Pink and dried up noses, empty tissue boxes, and the occasional sounds of “ACHOO” signal the start of spring and its favorite counterpart-allergies.
Many regard allergies as pests and distractions to the routines of one’s daily life. Medicine doesn’t seem to work and tissues don’t relieve the build up. However, natural household remedies have been proven to be strong fighters against these annoying sneezes and constant congestions.
There are many types of allergies, but about 37 million Americans experience two types of air allergies known as allergic rhinitis or sinusitis.
Air pollutants such as pollen, dirt, animal fibers, food particles, and even mold ignite the sinus passages. This is a result from the immune system’s reaction towards the “overdose” of allergens in the body.
Fragrance from herbs and certain spices have been proved successful in combating allergies. Ginger, basil, garlic, horseradish, white and cayenne pepper, and turmeric are some that will clear congestion with just a sniff. Inhaling steam is also an alternative; adding certain herbal fragrances like wintergreen oil is even more productive.
Another self-healing process requires a cotton ball swab, olive oil, and a clove of garlic. Using the garlic, press and mix it with a teaspoon of olive oil. Then soak the solution with the cotton swab and gently place them in the nostril for around 20 minutes. Make sure to cleanse the nostril before beginning this process.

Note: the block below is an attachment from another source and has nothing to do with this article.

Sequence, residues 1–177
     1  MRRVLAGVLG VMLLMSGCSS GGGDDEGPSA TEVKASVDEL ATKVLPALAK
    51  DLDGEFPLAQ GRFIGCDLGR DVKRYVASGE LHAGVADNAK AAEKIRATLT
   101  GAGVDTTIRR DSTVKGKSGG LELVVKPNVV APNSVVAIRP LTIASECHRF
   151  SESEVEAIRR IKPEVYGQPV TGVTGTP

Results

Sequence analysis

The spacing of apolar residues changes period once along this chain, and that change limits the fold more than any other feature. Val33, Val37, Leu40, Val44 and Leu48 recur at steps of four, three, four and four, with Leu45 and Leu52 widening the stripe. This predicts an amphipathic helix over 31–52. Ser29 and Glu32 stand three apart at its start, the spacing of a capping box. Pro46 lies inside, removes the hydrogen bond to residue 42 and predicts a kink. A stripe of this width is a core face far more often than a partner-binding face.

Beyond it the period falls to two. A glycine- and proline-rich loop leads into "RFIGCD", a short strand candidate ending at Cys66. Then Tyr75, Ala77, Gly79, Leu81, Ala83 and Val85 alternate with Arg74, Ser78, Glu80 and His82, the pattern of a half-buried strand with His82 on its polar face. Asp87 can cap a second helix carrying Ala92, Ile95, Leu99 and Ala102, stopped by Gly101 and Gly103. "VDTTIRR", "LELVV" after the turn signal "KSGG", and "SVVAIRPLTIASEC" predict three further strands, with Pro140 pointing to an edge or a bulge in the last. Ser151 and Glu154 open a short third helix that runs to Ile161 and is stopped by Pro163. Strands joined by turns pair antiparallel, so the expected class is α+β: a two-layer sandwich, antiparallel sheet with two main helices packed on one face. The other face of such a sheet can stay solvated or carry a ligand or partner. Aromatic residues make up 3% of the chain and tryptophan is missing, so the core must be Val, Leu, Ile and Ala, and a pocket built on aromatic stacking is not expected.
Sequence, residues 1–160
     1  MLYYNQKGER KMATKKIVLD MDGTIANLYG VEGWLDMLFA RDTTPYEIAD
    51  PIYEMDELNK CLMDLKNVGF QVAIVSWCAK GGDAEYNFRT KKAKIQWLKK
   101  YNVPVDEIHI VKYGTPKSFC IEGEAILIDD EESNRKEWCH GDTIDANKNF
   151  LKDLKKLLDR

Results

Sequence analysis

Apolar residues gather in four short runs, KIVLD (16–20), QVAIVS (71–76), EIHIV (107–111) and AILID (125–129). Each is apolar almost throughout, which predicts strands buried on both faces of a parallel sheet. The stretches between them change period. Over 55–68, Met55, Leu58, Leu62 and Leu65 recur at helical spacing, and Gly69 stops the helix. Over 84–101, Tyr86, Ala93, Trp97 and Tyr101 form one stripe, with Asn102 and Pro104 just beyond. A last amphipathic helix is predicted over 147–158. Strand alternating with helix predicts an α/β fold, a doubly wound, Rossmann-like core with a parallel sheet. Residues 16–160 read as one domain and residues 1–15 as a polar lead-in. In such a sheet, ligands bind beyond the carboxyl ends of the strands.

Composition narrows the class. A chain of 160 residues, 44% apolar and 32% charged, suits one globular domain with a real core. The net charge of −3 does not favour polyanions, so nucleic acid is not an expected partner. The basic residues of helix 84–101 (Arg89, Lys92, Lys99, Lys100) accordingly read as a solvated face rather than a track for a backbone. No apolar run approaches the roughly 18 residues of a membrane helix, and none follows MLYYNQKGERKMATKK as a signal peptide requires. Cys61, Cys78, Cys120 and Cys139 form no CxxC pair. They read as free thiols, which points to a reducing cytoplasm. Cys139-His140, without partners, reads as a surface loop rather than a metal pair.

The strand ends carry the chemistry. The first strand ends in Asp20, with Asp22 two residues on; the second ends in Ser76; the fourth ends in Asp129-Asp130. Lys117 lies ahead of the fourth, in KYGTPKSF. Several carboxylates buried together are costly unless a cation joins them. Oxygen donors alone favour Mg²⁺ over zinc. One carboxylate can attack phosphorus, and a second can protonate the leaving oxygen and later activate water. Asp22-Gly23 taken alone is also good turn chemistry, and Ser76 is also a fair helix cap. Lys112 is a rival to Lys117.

Food products aren’t the only remedies; massages also do the trick. People who experience allergies usually experience the side effects also. Headaches, sore throats, watery eyes, and congestion are some of the effects.
For relieving congestion, sit at the edge of a chair, with a straight posture and lean your head slightly forward. Using your palm, massage your inner temples while inhaling and exhaling. After repeating it three times, cross your middle and index finger and begin rubbing the side of your nose. Make sure your fingers are warm.
One important fact is to stay away from foods that contain dairy, simple sugars, and corn because they tend to worsen allergies. Believe it or not, the foods we eat also have an impact on our allergies.
Although we can’t control the pollutants in our air, we can control the effects it has on our bodies, especially our noses.
This article was written by Margaret Thi. It was published in the Temple City Voice on April 2, 2008.